What John Pusell saw and experienced on Thursday afternoon will live with him forever.
Mr Pusell and his workmates were close enough to touch passengers in the helicopter that crashed at Panorama House but were unable to react to their cries for help before it burst into flames.
The Corrimal contractor was setting up a wedding marquee with three other men at the Bulli Tops site when the helicopter appeared at the edge of the cliff.
He then watched in horror as it crashed to the ground.
‘‘[The helicopter] sort of popped up from the edge of the cliff and hovered straight up, about 20 feet away, pretty close,’’ Mr Pusell said.
‘‘We could see their faces smiling at us.’’
A few minutes later the men heard the snap of a tree branch and knew the chopper had gone down.
‘‘I thought it was pretty close to us, I’d never seen a helicopter that close,’’ Mr Pusell said.
‘‘I heard a branch go click and said ‘oh no, it’s hit the tree, boys’.’’
‘‘It smashed the blades, went back up again about another foot and then just dropped to the ground – didn’t really crash, just hit the ground and the rotors were still going.
‘‘It toppled over, landed – it all happened in about three seconds – and we jumped the fence and I was yelling ‘it’s going to blow up, man, we have to get them out’.’’
‘‘I turned around, I said get some fire extinguishers, get water. The other guys were trying to pull the helicopter back down but it was too heavy.’’
It was then Mr Pusell spotted a male passenger and pilot in the front seats of the chopper.
He didn’t see the two other passengers on board.
He said the doors opened and a young male popped his head out and said: ‘‘I’m stuck, I’m stuck. Help, help!’’
‘‘I saw the flames start coming down ... all the fumes were coming up where the capsule was, we heard a little click and I said ‘get out of here boys, it’s going to blow’,’’ Mr Pusell said.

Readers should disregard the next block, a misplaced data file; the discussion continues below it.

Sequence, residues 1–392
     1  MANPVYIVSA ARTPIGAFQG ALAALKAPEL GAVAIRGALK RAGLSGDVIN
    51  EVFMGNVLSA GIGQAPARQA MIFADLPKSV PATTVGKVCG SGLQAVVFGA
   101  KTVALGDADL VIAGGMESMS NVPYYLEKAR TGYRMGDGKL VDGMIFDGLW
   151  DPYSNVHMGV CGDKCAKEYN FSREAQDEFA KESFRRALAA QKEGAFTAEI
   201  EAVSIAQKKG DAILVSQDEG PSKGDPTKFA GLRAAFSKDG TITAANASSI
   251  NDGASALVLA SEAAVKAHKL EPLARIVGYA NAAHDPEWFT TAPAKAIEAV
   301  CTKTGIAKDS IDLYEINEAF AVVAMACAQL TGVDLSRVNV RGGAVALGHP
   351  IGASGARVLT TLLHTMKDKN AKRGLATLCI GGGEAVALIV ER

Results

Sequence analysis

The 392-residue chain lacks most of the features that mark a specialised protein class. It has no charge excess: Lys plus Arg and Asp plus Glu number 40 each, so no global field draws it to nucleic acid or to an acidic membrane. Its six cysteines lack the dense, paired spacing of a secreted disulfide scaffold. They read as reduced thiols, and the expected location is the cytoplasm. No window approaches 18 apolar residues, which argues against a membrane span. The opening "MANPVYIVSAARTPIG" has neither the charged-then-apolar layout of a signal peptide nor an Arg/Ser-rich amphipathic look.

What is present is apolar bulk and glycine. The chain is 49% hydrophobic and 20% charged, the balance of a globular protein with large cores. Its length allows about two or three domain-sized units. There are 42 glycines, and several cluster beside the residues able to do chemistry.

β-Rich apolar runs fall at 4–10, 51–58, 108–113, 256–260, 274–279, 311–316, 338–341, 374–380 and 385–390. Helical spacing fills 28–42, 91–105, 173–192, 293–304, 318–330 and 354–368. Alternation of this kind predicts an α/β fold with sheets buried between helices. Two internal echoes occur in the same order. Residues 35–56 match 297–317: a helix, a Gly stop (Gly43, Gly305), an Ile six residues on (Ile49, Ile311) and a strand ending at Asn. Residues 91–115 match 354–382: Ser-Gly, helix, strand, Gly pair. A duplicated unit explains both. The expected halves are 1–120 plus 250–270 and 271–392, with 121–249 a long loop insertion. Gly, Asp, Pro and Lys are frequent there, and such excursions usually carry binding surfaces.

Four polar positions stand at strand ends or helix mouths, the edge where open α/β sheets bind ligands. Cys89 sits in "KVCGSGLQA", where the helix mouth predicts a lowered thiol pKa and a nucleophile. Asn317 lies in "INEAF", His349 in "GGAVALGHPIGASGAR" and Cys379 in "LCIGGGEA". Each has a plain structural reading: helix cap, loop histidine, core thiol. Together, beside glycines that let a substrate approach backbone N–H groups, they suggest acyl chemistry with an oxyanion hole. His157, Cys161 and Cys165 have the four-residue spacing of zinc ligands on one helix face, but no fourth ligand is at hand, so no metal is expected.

‘‘We all moved back and the explosion wasn’t massive or anything, but off it went and then we said ‘let’s get in there now’.’’
Panorama restaurant staff, including owner Nick Di Maggio and his sister Maria, also rushed towards the helicopter with every fire extinguisher they could find.
‘‘We tried to keep a cool head and do what we could – it seemed like five minutes but it was probably five seconds – we got the fire out and we thought there was an opportunity then that we might be able to lift this guy out,’’ Mr Pusell recalled.
But the heat was too much for them.
A gutted Mr Pusell can’t get Thursday’s events out of his mind.
‘‘As soon as you go to bed it’s in your head,’’ he said.
‘‘I had a couple of beers and went to my parents’ house and said a prayer.’’
He visited the crash site with a bunch of flowers yesterday.
Mr Di Maggio, who called triple-0 when he heard the helicopter crash from inside Panorama House, said he and his staff thought nothing of their own safety as they ran to help extinguish the flames.
‘‘We didn’t think anything, just tried to put the fire out. We didn’t think that it could blow up or come out and hit us – we were pretty lucky I think,’’ Mr Di Maggio said. ‘‘When we knew we didn’t have any extinguishers left all we could do was just watch it disintegrate.’’
He commended his workers’ bravery and said everyone had pulled together in the hours after the crash.
After an exhausting day, he drew on the last of his energy reserves to feed emergency services workers on Thursday night.
The restaurant was back open for business yesterday with Mr Di Maggio saying he had no choice but to press on with life.
He will go ahead with his planned wedding open day today.
‘‘You have to keep going – but I just keep thinking about it.’’